wegoaroundinthenightJules Grant’s debut is possibly the best title of the year. Well – best title of the year. It’s narrated by a lesbian drug dealer out for revenge after her best friend is gunned down in a Manchester nightclub. Gangster vengeance isn’t the most original plotline and as sometimes happens in multinarration vernacular, peoples and times sometimes merge into one another in a way that perhaps wasn’t intended.

Still, it’s such fun to read, and the detail is bang on. As Irvine Welsh’s Leith hustlers hated authority in all manifestations (‘On the issue of drugs, we wir classical liberals, vehemently opposed tae state intervention in any form) so does Grant’s protagonist Donna tells us with pride that her father never paid a penny in tax nor claimed a state benefit in his life. Donna’s crew is also way more organised than Mark Renton’s band of brothers: she changes her sim card daily, and thinks of ever ingenious ways to smuggle drugs past nightclub security (including synthesising MDMA into aerosol hairsprays and charging pillheads a fiver per blast). Her eventual escape is genuinely thrilling.

It’s refreshing to read a Manchester crime novel that’s not stuck in the Gooch-Doddington wars of the 2000s, and Grant writes with a ferocious love of the city that wins her story a place in great northern fiction. That title doesn’t make sense as related to the story – except it reads like a snatch of graffito you might see on a flyover or tunnel or highway or byway on a city evening, something you might remember.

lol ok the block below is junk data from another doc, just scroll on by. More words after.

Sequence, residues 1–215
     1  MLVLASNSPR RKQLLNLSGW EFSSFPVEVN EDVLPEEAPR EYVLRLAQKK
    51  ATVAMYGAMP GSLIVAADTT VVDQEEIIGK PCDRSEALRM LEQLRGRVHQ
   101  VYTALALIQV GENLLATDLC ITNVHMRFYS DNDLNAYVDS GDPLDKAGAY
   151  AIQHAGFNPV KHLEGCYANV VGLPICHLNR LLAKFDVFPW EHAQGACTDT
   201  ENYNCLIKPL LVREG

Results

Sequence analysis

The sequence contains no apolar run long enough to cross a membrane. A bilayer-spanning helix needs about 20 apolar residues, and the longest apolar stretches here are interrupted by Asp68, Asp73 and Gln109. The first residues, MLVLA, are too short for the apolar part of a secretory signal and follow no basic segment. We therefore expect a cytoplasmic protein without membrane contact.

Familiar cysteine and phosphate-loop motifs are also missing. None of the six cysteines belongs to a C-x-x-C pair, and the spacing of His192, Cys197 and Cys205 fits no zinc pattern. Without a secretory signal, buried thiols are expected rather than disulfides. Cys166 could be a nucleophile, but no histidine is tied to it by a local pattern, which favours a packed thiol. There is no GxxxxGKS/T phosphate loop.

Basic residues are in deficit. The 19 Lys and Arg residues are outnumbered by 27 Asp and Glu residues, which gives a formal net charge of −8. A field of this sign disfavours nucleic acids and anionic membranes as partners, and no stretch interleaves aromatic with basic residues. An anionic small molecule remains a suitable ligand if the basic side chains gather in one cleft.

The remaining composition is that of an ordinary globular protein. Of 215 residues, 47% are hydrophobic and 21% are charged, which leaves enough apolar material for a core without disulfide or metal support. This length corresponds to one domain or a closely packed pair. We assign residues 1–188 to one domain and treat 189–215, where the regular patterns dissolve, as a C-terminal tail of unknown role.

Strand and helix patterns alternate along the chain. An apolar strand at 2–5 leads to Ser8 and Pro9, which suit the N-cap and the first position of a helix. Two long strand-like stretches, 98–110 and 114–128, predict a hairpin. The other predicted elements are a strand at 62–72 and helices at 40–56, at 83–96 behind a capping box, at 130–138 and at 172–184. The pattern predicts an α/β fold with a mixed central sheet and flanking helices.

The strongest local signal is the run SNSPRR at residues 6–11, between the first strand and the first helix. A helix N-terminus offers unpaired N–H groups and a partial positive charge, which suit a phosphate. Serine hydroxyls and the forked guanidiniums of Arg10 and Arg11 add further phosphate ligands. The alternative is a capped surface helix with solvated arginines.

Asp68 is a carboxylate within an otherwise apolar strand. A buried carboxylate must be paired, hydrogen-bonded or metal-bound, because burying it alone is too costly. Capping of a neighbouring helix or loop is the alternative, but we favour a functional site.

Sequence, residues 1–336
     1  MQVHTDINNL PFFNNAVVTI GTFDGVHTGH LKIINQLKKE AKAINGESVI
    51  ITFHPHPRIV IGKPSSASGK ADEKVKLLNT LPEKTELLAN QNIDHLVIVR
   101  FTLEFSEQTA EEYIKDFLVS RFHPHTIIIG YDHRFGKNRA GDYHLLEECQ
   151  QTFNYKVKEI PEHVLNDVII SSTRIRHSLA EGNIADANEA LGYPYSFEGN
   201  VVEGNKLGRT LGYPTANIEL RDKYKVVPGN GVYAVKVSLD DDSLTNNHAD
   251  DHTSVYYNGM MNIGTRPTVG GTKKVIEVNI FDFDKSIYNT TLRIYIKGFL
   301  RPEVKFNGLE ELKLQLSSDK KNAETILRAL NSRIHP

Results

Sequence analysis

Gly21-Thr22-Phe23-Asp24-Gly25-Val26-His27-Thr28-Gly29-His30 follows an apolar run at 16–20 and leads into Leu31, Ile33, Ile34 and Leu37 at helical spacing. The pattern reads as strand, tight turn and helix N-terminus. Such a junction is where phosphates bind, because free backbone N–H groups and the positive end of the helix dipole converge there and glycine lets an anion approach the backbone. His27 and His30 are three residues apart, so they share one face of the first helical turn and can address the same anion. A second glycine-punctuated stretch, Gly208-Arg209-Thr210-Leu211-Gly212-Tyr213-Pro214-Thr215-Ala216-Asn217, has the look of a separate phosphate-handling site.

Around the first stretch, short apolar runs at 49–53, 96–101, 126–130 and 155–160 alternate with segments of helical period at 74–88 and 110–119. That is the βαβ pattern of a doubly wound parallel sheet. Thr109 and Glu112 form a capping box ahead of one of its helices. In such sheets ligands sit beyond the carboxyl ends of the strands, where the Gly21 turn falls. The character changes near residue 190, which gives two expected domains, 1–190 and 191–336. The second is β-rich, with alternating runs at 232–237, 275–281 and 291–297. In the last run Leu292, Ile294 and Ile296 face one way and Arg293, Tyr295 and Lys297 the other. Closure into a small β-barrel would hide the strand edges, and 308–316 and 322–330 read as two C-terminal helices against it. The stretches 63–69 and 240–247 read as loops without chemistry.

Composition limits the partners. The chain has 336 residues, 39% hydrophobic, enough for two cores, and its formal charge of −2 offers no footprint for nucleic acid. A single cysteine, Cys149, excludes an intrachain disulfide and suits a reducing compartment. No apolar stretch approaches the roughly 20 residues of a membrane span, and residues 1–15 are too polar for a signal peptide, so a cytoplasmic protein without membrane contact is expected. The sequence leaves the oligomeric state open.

Young People With Weird Ideas: Emma Cline’s The Girls

June 25, 2016

emmaclineIn his biography of Charles Manson, Texan historian Jeff Guinn has a fascinating chapter on the Haight-Ashbury district of San Francisco that became a giant green beacon for outsider youth across America. By 1967 the area got three hundred new arrivals a day, from across the United States: ‘more runaways than any major city could have comfortably absorbed, let alone a relatively small neighbourhood… misfit kids, the ones with no social skills who had trouble making friends or fitting in back in their hometowns, or else were at critical odds with their parents and wanted someone more understanding to take them in and tell them what to do. The ones least able to fend for themselves were the most likely to stay.’

Emma Cline’s debut novel revisits the Manson cult from the twenty first century. Cleverly, her fictional narrative of 1969’s fractured summer does not dwell on the guru. Cline’s villain Russell is a bland opportunist just as Manson was. Instead she focuses on the stories of people far more interesting than he – the young people from good homes who embrace fanatical groups, the Manson followers who stole credit cards and dumpster-dived and allowed themselves to be pimped out for him. The young who kill and die for worthless leaders. Why?